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'From the Desert to the Web: Bringing the Dead Sea Scrolls Online'
It's taken 24 centuries, the work of archaeologists, scholars and historians, and the advent of the Internet to make the Dead Sea Scrolls accessible to anyone in the world. Today, as the new year approaches on the Hebrew calendar, we're celebrating the launch of the Dead Sea Scrolls online; a project of The Israel Museum jerusalem powered by Google technology. ... Now, anyone around the world can view, read and interact with five digitized Dead Sea Scrolls. The high resolution photographs, taken by Ardon Bar-Hama, are up to 1,200 megapixels, almost 200 times more than the average consumer camera, so viewers can see even the most minute details in the parchment. ...
This partnership with The Israel Museum, Jerusalem is part of our larger effort to bring important cultural and historical collections online. We are thrilled to have been able to help this project through hosting on Google Storage and App Engine, helping design the web experience and making it searchable and accessible to the world. ...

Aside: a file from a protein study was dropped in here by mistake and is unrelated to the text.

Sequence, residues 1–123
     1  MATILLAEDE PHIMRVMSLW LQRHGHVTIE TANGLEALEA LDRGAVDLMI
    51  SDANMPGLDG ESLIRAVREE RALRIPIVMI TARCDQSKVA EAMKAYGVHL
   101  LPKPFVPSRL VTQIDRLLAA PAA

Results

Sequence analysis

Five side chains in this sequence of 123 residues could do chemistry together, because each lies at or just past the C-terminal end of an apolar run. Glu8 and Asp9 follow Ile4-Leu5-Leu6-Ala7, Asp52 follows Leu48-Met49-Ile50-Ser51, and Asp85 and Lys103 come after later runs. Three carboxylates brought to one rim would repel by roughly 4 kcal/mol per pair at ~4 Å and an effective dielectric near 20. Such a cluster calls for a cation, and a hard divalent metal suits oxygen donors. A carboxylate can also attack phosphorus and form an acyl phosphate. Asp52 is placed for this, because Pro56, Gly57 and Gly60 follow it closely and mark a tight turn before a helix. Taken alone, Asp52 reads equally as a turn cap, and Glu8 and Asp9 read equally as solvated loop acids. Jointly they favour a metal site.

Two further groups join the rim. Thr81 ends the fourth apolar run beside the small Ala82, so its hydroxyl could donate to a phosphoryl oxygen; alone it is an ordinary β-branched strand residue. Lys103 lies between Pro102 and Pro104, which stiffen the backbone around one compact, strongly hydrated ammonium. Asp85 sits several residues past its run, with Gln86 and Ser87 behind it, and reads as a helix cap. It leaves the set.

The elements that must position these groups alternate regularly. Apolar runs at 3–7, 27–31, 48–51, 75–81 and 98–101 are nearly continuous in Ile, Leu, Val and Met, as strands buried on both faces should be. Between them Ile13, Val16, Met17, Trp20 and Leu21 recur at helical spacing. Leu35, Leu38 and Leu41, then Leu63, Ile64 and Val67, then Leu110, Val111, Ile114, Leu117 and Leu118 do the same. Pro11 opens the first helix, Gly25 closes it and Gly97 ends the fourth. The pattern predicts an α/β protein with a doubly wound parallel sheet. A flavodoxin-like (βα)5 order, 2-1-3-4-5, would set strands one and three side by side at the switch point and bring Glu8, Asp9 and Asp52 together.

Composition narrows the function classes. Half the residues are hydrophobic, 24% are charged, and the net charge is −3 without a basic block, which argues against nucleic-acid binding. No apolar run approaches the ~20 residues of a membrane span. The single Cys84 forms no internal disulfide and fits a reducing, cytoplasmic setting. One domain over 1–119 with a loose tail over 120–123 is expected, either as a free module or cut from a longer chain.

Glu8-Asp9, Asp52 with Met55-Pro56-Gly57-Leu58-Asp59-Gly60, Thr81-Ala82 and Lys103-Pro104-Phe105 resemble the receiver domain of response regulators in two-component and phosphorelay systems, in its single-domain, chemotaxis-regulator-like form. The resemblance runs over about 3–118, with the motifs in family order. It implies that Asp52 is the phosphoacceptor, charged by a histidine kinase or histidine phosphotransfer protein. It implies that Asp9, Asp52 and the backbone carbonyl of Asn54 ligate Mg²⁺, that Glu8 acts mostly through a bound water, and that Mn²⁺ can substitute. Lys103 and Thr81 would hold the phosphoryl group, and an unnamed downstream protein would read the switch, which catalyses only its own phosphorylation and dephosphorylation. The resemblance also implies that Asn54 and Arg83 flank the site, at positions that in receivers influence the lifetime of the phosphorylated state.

-Posted by Eyal Miller, new business development at Google, and Eyal Fink, software engineer at the Israel Research and Development Center, at www.google.com on Sept. 26, 2011.
Some folks, collectors presumably, have lamented that the emergence of e-books (and especially books that are solely published as e-books) could mean the demise of the autographed copy.
Fret no more. ... [http://ereads.com/2011/09/first-ever-virtual-bookautographing-at-mystery-con.html]:
I've seen authors sign e- readers too.
-Posted by Stephen Abram at www. …